Of particular interest are files, 1959-1974, on the development of power plants along the Savannah River and the construction of Hartwell Dam and the dam at Trotters Shoals. Dorn led the opposition to the latter project, championed by South Carolina's senior senator Olin D. Johnston. Dorn believed that proposed industrial development of the area and the resulting increase in the tax base outweighed any benefit in building the dam and losing valuable land under water. Two major corporations, Duke Power and Mead, were considering major developments in the proposed dam site--a steam plant and paper mill respectively. Related files are found under such headings as Duke Power Company, Keowee-Toxaway, Mead Corporation, and Trotters Shoals. Topical files also contain material, 1948-1949, on civil rights, including a pamphlet, Another Step To Socialism, labeled "Excerpts from a chapter of a forthcoming book by Wm. Jennings Bryan Dorn," which attacks Truman's proposed Fair Employment Practices Act.

Personal papers document Dorn's life outside Congress. General papers in this series primarily contain personal correspondence regarding family matters, management of the Dorn farm, and Dorn's life after leaving public office.

Campaign files, 1940-1985, are particularly rich and contain valuable information on Dorn's races and other local, statewide, and national campaigns. One-half foot of material documents Dorn's 1948 Senate campaign against Burnet Maybank. This file documents Dorn's attacks upon Judge J. Waties Waring and his belief that Maybank's deep pockets were the prime cause of the election defeat. Material from 1954 includes numerous mailings from the Democratic National Committee and a folder of Dorn's correspondence documenting his decision not to initiate a write-in campaign for the Senate. Dorn felt such a campaign would further confuse the race and weaken the Democratic party in South Carolina.

Dorn's great popularity is attested to by the fact that he was unopposed for reelection in four successive elections beginning in 1956. 1956 campaign records chiefly document the presidential campaign of Adlai Stevenson on whose behalf Dorn stumped in Florida. 1960 files include correspondence revealing Dorn's interest in nominating South Carolina's young and popular governor, Ernest F. Hollings, for the presidency and his belief that a candidate who would represent the South's ideals should be nominated. Also included is a transcript of the famous television debate between Kennedy and Nixon broadcast 9 September 1960. 1962 campaign files include correspondence resulting from press speculation that Dorn might challenge Olin Johnston for the United States Senate, possibly as a Republican.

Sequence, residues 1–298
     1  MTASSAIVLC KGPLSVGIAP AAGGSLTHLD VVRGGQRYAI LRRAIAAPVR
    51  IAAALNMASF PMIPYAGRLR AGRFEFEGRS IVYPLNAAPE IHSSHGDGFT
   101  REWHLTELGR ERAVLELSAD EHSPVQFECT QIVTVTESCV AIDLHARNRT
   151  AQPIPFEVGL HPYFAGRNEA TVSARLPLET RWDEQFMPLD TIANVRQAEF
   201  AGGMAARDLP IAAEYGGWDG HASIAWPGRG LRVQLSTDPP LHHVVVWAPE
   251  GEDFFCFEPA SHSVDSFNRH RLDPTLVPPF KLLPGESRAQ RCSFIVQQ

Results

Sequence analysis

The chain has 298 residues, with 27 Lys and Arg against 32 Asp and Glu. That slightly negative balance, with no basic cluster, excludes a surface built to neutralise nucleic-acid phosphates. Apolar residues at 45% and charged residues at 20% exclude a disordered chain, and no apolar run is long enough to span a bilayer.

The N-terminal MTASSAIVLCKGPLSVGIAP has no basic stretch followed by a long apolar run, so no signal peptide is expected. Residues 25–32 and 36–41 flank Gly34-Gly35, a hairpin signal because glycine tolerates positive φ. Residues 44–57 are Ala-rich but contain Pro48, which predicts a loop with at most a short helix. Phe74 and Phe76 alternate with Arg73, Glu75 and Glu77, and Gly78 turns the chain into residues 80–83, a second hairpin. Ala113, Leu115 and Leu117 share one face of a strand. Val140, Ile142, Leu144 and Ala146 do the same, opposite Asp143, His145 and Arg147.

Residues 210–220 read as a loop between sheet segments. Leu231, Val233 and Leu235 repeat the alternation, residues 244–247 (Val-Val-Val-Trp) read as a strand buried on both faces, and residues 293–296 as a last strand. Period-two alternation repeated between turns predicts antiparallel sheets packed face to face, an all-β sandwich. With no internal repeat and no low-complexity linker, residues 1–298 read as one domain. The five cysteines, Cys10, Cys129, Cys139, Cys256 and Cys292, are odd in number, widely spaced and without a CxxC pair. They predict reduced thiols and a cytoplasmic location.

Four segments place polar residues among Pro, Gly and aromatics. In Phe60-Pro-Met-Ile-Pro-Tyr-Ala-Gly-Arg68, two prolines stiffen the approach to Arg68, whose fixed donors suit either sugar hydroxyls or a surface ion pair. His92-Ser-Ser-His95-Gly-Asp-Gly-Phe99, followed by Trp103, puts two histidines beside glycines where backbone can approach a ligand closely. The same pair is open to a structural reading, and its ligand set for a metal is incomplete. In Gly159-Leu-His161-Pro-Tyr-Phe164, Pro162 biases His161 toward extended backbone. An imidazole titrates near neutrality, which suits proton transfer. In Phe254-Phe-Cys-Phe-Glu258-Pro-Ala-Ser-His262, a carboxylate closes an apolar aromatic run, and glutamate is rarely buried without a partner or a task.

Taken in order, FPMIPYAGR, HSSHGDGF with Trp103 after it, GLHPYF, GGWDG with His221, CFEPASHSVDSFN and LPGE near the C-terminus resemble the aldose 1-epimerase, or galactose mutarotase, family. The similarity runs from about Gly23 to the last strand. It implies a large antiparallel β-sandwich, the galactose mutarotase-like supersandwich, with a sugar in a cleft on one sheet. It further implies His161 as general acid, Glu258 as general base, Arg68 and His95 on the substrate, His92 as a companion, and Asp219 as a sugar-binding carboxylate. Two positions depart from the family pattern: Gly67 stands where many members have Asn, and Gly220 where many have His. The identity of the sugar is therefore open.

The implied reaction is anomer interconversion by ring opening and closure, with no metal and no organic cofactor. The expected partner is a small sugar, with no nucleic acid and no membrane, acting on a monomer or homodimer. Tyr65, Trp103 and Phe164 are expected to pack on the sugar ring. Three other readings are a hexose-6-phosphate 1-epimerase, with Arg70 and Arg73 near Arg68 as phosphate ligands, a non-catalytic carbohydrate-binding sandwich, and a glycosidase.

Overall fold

Extensive files document Dorn's gubernatorial campaigns of 1974 and 1978. Among the material documenting the 1974 campaign is regular correspondence with Sol Blatt, H.P. Stephenson, and Julius Wolfe. Dorn polled his supporters before announcing for governor, and the responses to his query signal the ambiguity felt by his friends and associates over his desire to run for statewide office. Many wanted to endorse Dorn's bid yet were reluctant to lose such a powerful voice in the House. Papers relating to the Democratic Party, 1980-1985 and undated, chiefly document Dorn's tenure as chairman of the state party and are comprised of correspondence, minutes, and financial data. This sub-series also includes significant material documenting activities of the Democratic National Committee and the presidential primaries and campaigns.

Topical Files within the personal series include a file on Dorn's namesake, William Jennings Bryan, with Bryan autograph items. Other files include genealogical data and records relating to Dorn's association with the American Legion, former members of Congress, 1974-1985, Furman University, 1979-1982, Lander College, 1976-1985, Leadership South Carolina, 1979-1986, Piedmont Technical Education Center, 1975-1984, Russell Dam, 1975-1985, South Carolina Farm Bureau, 1976-1978, South Carolina Forestry Association, 1977-1981, speeches and press releases, 1975-1984, the University of South Carolina, and veterans affairs, 1975-1983.